They promised the moon, delivered a crescent. What do?

So this is probably going to sound incredibly whiny, as it’s hard to write about this sort of stuff without coming off as an entitled brat. Please read charitably. :slight_smile:

I’ll set up a theoretical case to work with. Say you took your car in for repairs, and in the course of fixing the known problem your mechanic found a serious issue that needs to be dealt with ASAP, with an estimated additional cost of $1500. This is going to hurt pretty bad financially, but it’s not going to be disastrous.

At a family gathering, you mention the car situation but–having learned from past experience–you do not mention or even allude to the financial implications. Your wealthy uncle overhears and, having some idea of your money problems, immediately jumps in and volunteers to cover the unexpected $1500 fully. You decline, uncle insists, and in a moment of greed and weakness you accept his offer to help. (That charitable reading I asked for? This paragraph requires a ton of it. Please assume there was no fishing for charity or pity intended, and that the “you” of this story would have kept schtum if you’d known Rich Uncle Pennybags was listening in.)

Uncle writes a check for $1000 and says he’ll cover the rest after the work is done. Awfully nice of him, you’re pretty much in tears, and you try to ignore the voices whispering “this won’t end well” in your head.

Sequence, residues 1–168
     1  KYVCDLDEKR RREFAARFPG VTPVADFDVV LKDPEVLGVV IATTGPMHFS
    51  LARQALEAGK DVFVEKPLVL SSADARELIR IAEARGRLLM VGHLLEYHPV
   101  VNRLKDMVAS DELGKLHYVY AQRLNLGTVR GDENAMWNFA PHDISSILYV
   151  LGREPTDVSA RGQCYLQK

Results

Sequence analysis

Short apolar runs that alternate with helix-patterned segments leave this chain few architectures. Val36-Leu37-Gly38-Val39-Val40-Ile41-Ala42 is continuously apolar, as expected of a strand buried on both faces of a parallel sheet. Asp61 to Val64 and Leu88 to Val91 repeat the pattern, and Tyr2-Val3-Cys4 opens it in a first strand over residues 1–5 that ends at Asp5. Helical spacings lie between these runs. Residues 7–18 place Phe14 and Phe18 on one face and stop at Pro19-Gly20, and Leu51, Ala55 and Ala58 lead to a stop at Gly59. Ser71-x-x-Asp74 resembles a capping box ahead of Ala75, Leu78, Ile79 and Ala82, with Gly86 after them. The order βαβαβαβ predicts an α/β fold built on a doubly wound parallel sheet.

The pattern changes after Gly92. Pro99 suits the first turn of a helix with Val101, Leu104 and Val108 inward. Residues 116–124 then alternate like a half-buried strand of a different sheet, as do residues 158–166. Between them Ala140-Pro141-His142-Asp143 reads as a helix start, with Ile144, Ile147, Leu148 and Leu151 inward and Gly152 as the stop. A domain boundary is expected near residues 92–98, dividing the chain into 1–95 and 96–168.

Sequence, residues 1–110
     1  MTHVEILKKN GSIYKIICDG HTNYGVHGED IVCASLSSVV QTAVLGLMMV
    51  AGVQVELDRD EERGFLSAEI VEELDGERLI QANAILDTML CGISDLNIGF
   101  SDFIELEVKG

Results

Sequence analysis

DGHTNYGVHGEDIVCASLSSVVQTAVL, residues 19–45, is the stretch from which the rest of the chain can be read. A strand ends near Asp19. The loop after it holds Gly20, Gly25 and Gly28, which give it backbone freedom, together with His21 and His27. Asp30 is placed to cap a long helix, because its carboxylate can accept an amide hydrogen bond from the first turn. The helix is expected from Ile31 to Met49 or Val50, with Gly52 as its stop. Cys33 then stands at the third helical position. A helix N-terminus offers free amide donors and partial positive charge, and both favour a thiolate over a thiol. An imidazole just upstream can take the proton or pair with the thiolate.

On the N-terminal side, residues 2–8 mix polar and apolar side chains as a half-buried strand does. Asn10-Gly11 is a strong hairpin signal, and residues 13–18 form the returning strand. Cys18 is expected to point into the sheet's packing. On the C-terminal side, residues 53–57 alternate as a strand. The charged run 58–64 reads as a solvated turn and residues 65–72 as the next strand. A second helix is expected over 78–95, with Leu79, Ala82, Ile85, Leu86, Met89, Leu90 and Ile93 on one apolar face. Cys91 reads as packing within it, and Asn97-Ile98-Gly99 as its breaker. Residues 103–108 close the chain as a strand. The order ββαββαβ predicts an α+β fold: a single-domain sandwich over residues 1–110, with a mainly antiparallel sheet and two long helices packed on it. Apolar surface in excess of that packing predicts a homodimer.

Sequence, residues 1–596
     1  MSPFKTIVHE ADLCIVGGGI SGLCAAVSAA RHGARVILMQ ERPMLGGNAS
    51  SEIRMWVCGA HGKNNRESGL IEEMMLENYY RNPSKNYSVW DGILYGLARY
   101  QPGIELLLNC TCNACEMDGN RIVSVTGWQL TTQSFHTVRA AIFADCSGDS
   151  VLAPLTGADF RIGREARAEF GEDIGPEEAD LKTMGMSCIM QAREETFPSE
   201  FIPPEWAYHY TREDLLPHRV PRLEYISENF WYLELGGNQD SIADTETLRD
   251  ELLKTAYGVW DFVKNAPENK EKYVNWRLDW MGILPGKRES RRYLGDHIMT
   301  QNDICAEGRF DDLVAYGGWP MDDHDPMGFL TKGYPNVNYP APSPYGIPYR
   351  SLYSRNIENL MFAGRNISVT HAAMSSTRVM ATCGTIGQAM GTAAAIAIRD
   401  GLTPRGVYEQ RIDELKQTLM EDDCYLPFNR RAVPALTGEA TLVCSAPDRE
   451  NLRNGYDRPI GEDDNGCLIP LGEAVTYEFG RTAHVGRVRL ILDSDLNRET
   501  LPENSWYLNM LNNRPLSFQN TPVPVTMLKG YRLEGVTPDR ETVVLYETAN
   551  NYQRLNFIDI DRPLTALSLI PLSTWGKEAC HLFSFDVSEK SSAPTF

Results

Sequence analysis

The check clears, a month passes, and the repairs are completed for a total of $1507. Pretty good estimate! Your uncle has gotten really invested in following the repairs, and he asked you to call him as soon as you get the final total. So you do, and he says, “Ah, yeah. Little cash flow hiccup right now, heading out for my spring vacation and all, but I’ll get you in a couple of months. That OK?”

The little whispering voices are starting their “told you so” chorus, but you ignore them. You tell uncle he’s already done more than enough, you don’t expect anything else, he’s already gone above and beyond, etc. But he insists, and insists some more, and you acquiesce.

It should go without saying that you never get the $507 from your uncle, although you do get to spend Christmas hearing about the diamond studded beds he bought for his dogs. OK, that last bit is mean, but it’s a surprisingly slight exaggeration over the real situation. Let’s just say Unc likes making it clear he has money to burn, and all signs point to him having the cattle to back up his hat.

So after that long setup, the actual questions:

  1. How do you describe the situation between yourself and your uncle at this point? It’s completely wrong to say he owes you $507, but there seems to be some sort of unfulfilled commitment. On the other hand, these are the kinds of commitments–at least in my family–one doesn’t fully expect to be fulfilled when they’re entered into, so calling them “commitments” in the first place seems a little off. (Charitable reading time again: I’m not looking for an excuse to feel resentment here, although it’s easy to read it that way. It’s more that I’m genuinely uncertain about the status of promises of aid within a family, and what vocabulary can be used to describe them.)